Individual retirement accounts, or IRAs, can be an integral part of many retirement savings strategies. These tax-advantaged accounts offer future retirees a way to optimize their retirement strategy—but how do their tax advantages work and are contributions deductible when it’s time to file income taxes?
Are IRA contributions tax deductible?
It’s safe to say that all IRA accounts are tax-advantaged. Whether or not an individual’s contributions into that account are tax-deductible, however, depends on the type of IRA they have, if they have a workplace retirement plan, and how much they earn each year.
Regardless, they are bound to a maximum total IRA contribution limit of $6,000 per year for 2021 and 2022. If an account holder is over age 50, they can make an extra $1,000 in catch-up contributions, for a total of up to $7,000 toward their IRA(s).
It’s important to note that this is a combined limit—so even if an account holder has two (or more) different IRAs, their total contribution to all of them cannot equal more than $6,000 annually (or $7,000, if they qualify for the catch-up limit).
A traditional IRA is a retirement savings account that allows individuals to contribute with pretax dollars.
Funds contributed to traditional IRAs can be tax-deductible, meaning that contributions can indeed be deducted from an account holder’s overall taxable income for the year in which they’re made. When it comes to deducting those contributions from taxes, though, the amount an individual is allowed depends on whether they also have access to a workplace retirement account, and how much money they (and their spouse, if applicable) make in a given tax year.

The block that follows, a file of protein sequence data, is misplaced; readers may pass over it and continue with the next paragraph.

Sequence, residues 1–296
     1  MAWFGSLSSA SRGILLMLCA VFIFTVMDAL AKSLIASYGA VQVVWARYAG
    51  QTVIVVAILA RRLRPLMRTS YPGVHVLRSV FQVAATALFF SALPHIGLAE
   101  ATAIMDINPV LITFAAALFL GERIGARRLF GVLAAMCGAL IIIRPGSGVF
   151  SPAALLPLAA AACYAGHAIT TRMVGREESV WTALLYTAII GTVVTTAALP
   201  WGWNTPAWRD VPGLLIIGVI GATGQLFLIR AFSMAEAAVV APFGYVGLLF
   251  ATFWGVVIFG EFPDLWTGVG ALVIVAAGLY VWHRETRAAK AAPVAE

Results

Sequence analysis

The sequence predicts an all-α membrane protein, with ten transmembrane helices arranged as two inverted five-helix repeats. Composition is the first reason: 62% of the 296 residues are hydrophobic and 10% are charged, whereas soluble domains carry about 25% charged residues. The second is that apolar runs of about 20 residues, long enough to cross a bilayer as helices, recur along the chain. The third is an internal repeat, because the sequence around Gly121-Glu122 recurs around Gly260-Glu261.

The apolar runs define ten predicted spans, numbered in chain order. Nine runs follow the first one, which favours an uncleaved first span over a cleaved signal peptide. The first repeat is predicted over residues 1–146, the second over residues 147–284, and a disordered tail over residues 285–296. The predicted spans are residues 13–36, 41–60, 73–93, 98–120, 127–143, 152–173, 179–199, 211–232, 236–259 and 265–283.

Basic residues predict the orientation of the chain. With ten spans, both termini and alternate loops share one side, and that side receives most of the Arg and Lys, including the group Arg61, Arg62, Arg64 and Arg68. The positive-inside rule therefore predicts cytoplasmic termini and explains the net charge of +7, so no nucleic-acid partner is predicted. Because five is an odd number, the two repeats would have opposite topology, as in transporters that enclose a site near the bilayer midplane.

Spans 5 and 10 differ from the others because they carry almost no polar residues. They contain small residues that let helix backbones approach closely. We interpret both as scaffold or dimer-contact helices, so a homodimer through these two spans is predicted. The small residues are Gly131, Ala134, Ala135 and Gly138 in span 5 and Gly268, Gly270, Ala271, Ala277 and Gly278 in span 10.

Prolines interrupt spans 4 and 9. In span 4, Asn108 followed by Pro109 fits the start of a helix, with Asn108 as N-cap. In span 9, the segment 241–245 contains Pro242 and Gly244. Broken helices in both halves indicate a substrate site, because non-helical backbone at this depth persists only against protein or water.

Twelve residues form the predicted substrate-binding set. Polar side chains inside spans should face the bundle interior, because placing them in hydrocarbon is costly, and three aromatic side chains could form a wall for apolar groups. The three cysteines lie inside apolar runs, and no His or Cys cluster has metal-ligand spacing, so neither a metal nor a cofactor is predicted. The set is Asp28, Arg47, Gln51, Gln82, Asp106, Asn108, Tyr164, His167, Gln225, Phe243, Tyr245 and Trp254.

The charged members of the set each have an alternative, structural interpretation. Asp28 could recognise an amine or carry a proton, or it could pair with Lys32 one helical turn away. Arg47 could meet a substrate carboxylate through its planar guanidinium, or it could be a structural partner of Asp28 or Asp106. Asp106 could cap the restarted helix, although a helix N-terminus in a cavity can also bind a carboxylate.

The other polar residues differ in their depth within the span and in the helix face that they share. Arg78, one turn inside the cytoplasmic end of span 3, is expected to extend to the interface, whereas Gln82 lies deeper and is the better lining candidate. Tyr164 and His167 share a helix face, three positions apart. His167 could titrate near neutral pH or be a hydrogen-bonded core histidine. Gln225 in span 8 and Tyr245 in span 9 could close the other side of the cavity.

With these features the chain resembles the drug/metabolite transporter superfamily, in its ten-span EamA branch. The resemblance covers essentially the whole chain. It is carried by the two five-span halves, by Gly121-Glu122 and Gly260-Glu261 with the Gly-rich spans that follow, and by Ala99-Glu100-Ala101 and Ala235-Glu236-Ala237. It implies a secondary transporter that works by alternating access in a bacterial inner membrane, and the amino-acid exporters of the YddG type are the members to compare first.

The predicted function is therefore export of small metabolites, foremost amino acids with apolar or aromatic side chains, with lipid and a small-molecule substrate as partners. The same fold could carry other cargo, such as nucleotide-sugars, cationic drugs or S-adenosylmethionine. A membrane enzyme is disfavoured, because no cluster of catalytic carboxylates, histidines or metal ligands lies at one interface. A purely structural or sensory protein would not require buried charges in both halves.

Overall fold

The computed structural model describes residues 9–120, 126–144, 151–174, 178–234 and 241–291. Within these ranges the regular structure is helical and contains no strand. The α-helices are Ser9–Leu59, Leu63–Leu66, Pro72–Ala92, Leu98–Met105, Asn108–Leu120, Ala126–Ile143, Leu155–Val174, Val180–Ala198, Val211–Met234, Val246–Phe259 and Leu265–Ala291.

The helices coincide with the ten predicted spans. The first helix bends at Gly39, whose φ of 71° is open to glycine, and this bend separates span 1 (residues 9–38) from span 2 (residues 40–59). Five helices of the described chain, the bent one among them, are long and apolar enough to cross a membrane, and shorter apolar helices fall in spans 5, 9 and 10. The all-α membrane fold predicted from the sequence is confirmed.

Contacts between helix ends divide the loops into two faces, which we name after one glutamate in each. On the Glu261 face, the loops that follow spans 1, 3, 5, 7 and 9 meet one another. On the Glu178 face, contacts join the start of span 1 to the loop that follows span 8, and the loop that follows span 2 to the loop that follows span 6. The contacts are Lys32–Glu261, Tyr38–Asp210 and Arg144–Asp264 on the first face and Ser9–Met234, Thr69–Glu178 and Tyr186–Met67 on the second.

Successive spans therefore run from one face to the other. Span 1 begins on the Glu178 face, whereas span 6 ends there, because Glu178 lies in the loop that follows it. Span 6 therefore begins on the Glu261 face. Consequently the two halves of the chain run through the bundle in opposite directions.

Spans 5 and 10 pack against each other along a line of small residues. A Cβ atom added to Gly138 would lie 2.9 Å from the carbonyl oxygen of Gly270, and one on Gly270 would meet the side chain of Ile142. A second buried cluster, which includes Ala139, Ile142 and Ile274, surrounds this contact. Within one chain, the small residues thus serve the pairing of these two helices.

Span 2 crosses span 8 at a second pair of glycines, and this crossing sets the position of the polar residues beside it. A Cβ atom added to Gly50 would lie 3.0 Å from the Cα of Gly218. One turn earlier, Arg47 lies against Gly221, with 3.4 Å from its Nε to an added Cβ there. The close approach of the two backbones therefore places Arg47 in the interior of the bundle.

In some cases, they’ll be able to deduct their total contribution amount, up to the annual limit of $6,000 (or $7,000, if they qualify). Account holders may also be able to deduct only a portion of their contributions or even none at all.
A Roth IRA, on the other hand, works a bit differently.
Contributions are made with after-tax dollars, so there is no Roth IRA tax deduction offered come tax time. Instead, Roth IRA contributions are allowed to grow until retirement; when the time comes to withdraw the funds, both contributions and any growth can be withdrawn tax-free.
The bottom line
Contributions to a Roth IRA are tax-advantaged in that the contributions and even decades’ worth of growth can be withdrawn tax-free in retirement. However, contributions to a Roth IRA are not tax-deductible and won’t do anything to reduce one’s taxable income today.
A traditional IRA’s contributions, on the other hand, may be tax-deductible. This depends on certain factors such as an individual’s modified AGI and whether or not they (or even their spouse) are also covered by a retirement plan in the workplace. Contributions to a traditional IRA can either be fully deductible, partially deductible, or not deductible at all.
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